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Which is Kosher?

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I got a message today from Henrik Gemal. He pointed out to me that there are differences in how my Flash Detection Script displays the Flash Version.

Flash 7.0 r2 displays as “7.0.2” when flash.version is called. To me, this makes the most sense, since that’s what an “r2” would mean anyways. It also makes it easier when comparing Flash versions to do a String.split() followed by a parseInt() on a particular section of the version string.

However, I didn’t know about the occasional developer’s build, namely “Shockwave Flash 7.0 d249”. Making this return a value of “7.0.249” would be misleading and inaccurate since a developers/beta build is a precursor to a release build. Logically, I could append a “0” before the 249 (i.e. “7.0.0249”) which would work, but wouldn’t necessarily be correct.

The only way to stay truly correct would be to leave the “7.0 r2” or “6.0 r79” monikers as-is, but it makes less sense, in my opinion. So, what do you think? “7.0.x” or “7.0 rX”?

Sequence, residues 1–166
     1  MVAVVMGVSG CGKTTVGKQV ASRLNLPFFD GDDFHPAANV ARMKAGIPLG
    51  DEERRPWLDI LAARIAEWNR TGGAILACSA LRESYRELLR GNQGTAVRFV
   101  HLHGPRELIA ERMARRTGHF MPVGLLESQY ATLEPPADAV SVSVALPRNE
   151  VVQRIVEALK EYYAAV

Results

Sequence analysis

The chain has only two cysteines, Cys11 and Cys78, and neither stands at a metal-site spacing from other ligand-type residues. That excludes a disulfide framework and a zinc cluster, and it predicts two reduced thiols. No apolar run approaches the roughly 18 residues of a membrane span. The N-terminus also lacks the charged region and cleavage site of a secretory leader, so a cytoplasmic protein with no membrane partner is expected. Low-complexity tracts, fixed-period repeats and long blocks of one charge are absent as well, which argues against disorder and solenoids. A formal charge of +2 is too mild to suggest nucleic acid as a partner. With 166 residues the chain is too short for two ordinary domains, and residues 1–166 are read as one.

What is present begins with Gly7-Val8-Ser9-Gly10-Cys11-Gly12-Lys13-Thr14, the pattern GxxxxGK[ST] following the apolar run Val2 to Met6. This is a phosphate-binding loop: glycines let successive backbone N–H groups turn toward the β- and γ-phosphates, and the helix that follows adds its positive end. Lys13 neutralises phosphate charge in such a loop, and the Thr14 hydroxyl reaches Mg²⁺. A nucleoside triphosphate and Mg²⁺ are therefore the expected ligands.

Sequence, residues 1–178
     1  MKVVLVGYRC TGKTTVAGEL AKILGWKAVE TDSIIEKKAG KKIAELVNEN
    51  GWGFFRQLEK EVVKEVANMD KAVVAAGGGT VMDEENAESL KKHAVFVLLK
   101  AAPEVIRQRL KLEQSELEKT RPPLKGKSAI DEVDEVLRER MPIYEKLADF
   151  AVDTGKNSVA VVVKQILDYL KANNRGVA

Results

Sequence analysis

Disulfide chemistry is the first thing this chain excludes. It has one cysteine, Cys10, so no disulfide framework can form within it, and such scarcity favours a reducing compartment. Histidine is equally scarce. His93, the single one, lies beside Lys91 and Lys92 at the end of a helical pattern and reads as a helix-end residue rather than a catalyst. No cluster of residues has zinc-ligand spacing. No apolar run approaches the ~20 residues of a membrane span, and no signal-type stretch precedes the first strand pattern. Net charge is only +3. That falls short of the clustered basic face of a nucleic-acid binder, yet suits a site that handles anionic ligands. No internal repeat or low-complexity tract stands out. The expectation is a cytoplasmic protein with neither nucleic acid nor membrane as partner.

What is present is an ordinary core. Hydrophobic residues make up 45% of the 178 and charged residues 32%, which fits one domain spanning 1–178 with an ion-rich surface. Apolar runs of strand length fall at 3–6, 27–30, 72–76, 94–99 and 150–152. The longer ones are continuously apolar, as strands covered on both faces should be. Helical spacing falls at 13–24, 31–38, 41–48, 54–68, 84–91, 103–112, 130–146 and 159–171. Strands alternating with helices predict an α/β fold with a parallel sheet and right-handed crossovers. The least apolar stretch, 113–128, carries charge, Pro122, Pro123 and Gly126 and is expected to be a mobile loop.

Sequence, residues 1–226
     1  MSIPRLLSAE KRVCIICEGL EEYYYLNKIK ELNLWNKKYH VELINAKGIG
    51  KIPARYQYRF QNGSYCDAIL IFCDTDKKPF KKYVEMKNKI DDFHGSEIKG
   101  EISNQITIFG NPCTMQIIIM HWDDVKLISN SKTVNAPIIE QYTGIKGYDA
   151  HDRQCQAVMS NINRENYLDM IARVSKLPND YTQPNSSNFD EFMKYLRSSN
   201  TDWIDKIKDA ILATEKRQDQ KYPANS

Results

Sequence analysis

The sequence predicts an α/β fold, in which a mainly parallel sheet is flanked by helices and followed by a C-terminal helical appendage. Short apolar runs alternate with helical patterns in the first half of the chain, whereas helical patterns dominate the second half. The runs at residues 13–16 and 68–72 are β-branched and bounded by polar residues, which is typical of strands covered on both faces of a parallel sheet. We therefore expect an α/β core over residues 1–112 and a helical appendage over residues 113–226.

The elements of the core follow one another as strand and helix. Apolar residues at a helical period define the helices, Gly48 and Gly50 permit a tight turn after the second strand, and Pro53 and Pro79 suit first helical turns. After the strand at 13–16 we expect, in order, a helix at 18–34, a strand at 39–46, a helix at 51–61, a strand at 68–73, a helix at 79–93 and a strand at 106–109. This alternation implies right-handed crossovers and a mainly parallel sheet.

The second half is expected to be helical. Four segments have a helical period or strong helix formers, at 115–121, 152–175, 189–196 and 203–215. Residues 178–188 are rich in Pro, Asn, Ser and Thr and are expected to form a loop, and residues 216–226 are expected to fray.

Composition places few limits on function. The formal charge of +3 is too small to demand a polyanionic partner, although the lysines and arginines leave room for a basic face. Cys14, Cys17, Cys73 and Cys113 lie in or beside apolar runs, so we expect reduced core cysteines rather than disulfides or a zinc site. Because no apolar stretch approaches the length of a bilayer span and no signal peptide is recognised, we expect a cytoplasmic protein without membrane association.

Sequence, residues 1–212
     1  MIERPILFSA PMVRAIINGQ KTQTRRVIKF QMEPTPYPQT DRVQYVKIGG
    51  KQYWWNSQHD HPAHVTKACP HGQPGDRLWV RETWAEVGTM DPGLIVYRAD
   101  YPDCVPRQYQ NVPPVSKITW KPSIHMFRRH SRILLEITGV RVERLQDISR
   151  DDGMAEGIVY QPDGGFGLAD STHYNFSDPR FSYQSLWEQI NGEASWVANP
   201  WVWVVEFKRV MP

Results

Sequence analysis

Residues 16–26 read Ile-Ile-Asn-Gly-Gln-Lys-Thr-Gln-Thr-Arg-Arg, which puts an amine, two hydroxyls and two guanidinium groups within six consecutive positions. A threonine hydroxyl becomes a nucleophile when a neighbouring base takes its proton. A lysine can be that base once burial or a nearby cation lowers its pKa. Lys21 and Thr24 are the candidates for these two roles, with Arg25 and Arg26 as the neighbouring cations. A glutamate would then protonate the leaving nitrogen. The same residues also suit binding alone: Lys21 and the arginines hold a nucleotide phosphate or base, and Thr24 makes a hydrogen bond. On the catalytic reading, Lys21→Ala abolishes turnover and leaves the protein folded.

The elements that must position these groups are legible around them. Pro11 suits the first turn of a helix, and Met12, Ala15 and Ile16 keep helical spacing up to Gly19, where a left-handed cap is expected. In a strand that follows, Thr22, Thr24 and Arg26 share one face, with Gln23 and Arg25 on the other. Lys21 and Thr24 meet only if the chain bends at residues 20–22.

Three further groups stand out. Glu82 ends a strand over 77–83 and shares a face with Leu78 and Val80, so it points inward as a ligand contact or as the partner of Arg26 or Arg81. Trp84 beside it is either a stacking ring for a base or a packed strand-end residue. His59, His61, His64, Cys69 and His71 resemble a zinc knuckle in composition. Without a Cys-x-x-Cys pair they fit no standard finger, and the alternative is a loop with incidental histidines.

Ryan Parman

is an engineering manager with over 20 years of experience across software development, site reliability engineering, and security. He is the creator of SimplePie and AWS SDK for PHP, patented multifactor-authentication-as-a-service at WePay, defined much of the CI/CD and SRE disciplines at McGraw-Hill Education, and came up with the idea of “serverless, event-driven, responsive functions in the cloud” while at Amazon Web Services in 2010. Ryan's aptly-named blog, , is where he writes about ideas longer than . Ambivert. Curious. Not a coffee drinker.